Reading a book about the coming of the Industrial Revolution in Britain from the corrupted perspective of an early-21st-century American, steeped as I am in far too much classical economic dogma, I’m tempted to ask: despite the dislocations and the vile urban poverty, isn’t this better for everyone? After all, if filthy 19th-century London was so bad, then why did people choose to leave their villages for it? Certainly the villages must have been even worse, no? This observation, or something like it, must be in Glaeser. And it’s by no means an academic question: how you perceive the London slums will affect how you perceive, say, the favelas, or the Bangladesh factory collapse. I confess that the Glaeser approach to these problems has infected me.

Thompson’s response makes me feel stupid. Yes, the rural areas were even worse than London, but only because the rural areas were emptying out as people moved to the metropolis. That is, there came a point when enough people had emptied out the villages that there was no home to return to. This is a classic collective-action problem: maybe those who’d moved to London would have preferred to have moved back to the country, but by this point their collective behaviors had made that impossible. In general, it seems to be the case that “consider collective action” is a catch-all, completely correct, answer to most naïve libertarian economics.

We’re all so sullied by libertarian economics — well, I can’t speak for you, but I speak for myself — that we tend to view most economic dislocation through the eyes of this degraded libertarian calculus. Glaeser, for instance, repeatedly advocates helping poor people, not poor places. Were it up to Glaeser, I imagine we’d abandon Detroit, and that we would have abandoned New Orleans after Katrina. The humane response to Glaeser seems almost painfully innocent: places have meaning. A city isn’t just a collection of economic transactions bound together by a shopping district; it’s where generations of people lay down roots. The corrupt libertarian ideology seems to treat preservation of the basic social structure of a place as a needless sidebar to economic maximization. When I read Ruskin, I perceived him as hopelessly naïve, standing as he was on the other side of that chasm. On the contrary, it is I who was naïve; Ruskin was watching the destruction of the land and of his society, whereas I’m standing at a vantage point from which all the destruction has been smoothed away.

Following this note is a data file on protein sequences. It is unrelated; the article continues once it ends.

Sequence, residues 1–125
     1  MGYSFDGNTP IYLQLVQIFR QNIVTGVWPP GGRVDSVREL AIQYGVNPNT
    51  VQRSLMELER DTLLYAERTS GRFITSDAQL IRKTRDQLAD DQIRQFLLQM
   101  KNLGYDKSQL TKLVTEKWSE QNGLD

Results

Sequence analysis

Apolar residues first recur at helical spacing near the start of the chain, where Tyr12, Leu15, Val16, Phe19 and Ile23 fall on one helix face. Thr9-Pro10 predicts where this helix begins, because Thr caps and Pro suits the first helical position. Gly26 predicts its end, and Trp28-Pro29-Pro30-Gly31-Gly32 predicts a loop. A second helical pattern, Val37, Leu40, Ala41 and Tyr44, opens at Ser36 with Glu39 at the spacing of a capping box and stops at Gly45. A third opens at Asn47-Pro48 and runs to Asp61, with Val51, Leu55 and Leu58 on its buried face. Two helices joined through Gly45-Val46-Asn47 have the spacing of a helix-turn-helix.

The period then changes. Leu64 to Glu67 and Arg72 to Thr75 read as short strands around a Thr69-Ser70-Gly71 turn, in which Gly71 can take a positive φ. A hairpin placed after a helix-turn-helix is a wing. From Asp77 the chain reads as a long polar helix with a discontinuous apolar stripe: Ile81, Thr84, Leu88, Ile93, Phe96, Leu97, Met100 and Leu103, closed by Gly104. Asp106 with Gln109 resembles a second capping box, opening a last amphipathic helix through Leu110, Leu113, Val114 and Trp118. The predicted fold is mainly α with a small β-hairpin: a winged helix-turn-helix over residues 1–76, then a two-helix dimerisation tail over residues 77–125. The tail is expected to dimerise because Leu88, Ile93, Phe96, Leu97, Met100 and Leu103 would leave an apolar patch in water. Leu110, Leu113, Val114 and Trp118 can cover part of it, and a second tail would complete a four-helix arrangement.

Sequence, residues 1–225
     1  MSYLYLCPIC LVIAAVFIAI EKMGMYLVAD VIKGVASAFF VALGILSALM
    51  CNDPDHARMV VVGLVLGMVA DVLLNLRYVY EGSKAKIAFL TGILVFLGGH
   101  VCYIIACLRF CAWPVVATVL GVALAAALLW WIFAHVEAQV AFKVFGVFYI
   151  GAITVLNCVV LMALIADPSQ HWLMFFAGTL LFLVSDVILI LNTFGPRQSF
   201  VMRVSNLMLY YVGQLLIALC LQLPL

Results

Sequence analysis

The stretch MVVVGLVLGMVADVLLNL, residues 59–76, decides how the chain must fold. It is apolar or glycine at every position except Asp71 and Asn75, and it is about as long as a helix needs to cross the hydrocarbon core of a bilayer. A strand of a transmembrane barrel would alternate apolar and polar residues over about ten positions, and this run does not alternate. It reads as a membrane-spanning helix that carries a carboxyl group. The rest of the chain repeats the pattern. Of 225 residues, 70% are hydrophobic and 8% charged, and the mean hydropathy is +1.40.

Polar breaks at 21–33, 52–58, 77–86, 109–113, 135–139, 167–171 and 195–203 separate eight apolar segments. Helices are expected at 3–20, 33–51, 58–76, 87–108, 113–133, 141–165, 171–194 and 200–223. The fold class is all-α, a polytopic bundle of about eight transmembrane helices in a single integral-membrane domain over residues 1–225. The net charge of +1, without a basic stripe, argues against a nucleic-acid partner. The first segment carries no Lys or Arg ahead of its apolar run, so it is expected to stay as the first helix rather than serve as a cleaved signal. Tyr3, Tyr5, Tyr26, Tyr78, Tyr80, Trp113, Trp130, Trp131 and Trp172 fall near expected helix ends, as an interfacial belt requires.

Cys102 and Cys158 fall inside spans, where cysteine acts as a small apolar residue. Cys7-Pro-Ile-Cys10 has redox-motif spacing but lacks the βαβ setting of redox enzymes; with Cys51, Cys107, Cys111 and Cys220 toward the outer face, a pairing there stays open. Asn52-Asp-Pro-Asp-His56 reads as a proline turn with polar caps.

This historical empathy lets us view the Luddites more sympathetically:

the conventional picture of the Luddism of these years as a blind opposition to machinery as such becomes less and less tenable. What was at issue was the “freedom” of the capitalist to destroy the customs of the trade, whether by new machinery, by the factory-system, or by unrestricted competition, beating-down wages, undercutting his rivals, and undermining standards of craftsmanship.

In many ways Thompson’s book is a fleshing-out of Karl Polanyi. The story arc of Polanyi’s book is that every society which has undergone capitalist economic transformation has tried to do something to arrest that change. The point isn’t to stop economic liberalization, but rather to slow it down so that the social structure can keep up. Economics is an important sphere of human life, but it’s not the only such sphere. A good bit of Thompson’s book is expanding on this idea down to fine (and finely rendered) detail in the English context.